CHINA'S ANTI-ESPIONAGE LAW
- On April 26, 2023, China's legislature approved sweeping amendments to China's anti-espionage law, broadening the scope of what may be defined as activities related to spying and national security.
- The amendments come amid a string of high-profile cases involving journalists, foreign executives, as well as international companies in China, who have come under the lens of authorities on national security grounds.
- The expanded law follows the Xi Jinping government's increasing focus on Security and a recent policy shift that now emphasises the dual importance of development and security, rather than a focus solely on economic development.
2. About China's anti-espionage law
- Article 1 of the law says the idea behind the legislation is "to prevent, stop and punish espionage conduct and maintain national security".
- The broad ambit of what constitutes national security as well as the law's focus on involving a whole-of-society approach to counter-espionage, including from Chinese enterprises and organisations, evoked concerns among both rights groups and foreign enterprises in China.
- Foreign governments are especially concerned whether Chinese companies, particularly in the tech sector would be mandated to offer their vast amounts of data to the authorities.
- For instance, one article of the law mandates that "all state organs, armed forces, political parties and public groups and all enterprises and organisations, must prevent and stop espionage activities and maintain national security.
- Another article encourages ordinary citizens to take part in national anti-espionage efforts by reporting to the authorities any activity deemed to be suspicious and endangering national security.
- The latest amendments are the first changes since 2014 and will take effect on July 1, 2023.
- They have further broadened the law's scope, with one of the changes declaring that "all documents, data, materials and items related to national security and interests will be protected on par with what is deemed state secrets.
- The definition of espionage has also been expanded to include cyber-attacks.
- Essentially the transfer of any information deemed by authorities to be in the interest of what they define to be national security will now be considered an act of espionage.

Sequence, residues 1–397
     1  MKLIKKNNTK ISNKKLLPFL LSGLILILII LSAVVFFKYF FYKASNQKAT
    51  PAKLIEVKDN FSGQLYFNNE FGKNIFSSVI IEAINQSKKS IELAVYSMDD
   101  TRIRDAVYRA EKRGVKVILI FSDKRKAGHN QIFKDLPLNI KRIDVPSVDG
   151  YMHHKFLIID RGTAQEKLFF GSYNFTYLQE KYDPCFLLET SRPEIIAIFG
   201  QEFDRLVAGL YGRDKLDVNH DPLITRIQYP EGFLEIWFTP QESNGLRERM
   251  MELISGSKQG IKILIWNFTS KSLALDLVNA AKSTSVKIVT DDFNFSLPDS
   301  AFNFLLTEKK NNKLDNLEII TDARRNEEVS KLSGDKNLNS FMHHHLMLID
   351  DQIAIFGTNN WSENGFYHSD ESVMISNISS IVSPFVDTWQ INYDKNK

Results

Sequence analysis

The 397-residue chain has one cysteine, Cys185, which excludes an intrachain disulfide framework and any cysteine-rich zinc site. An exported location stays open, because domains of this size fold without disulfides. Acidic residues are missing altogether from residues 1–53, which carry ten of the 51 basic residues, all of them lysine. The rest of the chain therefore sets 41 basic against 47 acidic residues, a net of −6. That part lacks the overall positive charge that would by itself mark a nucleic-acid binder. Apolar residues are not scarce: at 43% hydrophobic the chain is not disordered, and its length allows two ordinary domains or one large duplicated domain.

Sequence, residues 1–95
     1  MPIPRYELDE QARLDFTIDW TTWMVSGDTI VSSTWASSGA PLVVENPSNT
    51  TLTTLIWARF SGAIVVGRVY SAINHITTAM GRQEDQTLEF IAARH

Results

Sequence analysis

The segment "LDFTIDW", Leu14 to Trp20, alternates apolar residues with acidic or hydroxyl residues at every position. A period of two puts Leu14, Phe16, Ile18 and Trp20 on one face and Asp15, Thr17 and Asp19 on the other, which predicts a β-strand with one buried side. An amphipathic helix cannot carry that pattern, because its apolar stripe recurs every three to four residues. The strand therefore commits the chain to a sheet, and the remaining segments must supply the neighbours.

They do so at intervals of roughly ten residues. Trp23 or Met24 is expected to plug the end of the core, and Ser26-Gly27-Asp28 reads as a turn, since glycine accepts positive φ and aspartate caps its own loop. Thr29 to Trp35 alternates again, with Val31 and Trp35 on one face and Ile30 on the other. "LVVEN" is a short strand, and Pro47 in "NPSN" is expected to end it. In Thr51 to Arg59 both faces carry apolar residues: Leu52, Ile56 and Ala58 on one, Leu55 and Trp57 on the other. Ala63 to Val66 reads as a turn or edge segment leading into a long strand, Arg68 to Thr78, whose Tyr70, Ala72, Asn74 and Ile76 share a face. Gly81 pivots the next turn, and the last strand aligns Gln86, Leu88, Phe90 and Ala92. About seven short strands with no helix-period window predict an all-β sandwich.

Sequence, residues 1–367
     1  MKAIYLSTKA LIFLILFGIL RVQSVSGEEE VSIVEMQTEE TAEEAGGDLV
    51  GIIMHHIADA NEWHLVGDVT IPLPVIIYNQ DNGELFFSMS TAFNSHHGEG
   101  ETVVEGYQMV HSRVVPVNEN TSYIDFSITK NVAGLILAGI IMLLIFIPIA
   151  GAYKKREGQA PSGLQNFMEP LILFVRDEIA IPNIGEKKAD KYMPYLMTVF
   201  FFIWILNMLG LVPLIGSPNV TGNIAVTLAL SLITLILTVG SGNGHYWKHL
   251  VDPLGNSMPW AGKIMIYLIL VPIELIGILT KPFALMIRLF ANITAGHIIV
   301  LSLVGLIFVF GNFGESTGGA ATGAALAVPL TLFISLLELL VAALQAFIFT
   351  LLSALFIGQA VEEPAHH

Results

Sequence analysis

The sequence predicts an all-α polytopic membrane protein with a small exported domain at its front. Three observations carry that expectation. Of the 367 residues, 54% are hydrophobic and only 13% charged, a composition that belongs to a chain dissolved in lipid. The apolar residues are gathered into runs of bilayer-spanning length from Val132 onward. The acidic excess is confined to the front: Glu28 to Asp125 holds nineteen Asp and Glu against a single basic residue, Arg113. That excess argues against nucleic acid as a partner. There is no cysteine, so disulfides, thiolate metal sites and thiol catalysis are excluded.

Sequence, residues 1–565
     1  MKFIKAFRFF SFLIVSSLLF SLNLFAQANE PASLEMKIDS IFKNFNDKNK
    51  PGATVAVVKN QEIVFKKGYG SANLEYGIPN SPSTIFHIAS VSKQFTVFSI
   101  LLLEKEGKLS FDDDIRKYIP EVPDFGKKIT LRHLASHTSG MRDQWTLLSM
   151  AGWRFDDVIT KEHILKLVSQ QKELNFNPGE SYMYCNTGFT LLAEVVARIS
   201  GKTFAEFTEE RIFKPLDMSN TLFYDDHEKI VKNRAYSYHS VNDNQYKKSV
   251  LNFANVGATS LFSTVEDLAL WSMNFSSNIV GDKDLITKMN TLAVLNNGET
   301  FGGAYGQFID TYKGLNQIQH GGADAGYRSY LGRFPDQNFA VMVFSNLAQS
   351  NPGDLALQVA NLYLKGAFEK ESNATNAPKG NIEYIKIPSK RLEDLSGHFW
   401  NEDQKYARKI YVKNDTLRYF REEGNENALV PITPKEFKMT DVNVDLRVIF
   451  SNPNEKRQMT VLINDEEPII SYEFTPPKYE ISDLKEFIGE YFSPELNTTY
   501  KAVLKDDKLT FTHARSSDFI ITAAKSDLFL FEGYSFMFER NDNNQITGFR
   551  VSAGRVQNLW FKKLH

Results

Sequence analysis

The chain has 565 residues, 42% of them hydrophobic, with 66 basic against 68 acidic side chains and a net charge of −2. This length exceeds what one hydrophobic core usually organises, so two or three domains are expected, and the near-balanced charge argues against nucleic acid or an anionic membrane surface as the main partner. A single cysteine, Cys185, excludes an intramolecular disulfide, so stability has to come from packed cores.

3. The prompted changes
- The latest change "improves the regulations on cyber espionage and clearly defines cyberattacks, intrusions, interference, control and destruction as espionage.
- Other changes, would include clarifying the responsibility of national security organs in guiding and arranging publicity as well as provisions to strengthen the protection of personal information in counter-espionage work.
- The amendments have also coincided with several recent high-profile cases which observers have seen to reflect a broadening scope for anti-espionage activities as well as a widening definition of national security. The cases of three journalists were arrested on the charges of spying
4. The impact of the amended law
- The amended law is likely to have a chilling impact both within China and beyond.
- Chinese journalists, academics and executives who frequently engage with foreign counterparts are likely to think twice before doing so, at least without explicit government sanction, particularly in the wake of the arrest of Dong Yuyu.
- Unrestricted engagement between Chinese and foreign scholars, which has already become limited in the Xi Jinping era is likely to become even rarer.
- Indian companies with a presence in China, particularly in sectors deemed to be sensitive such as pharma and IT, will likely need to review their exposure to risks under the expanded law and broadened definitions of national security, particularly amid deteriorating relations between the neighbours.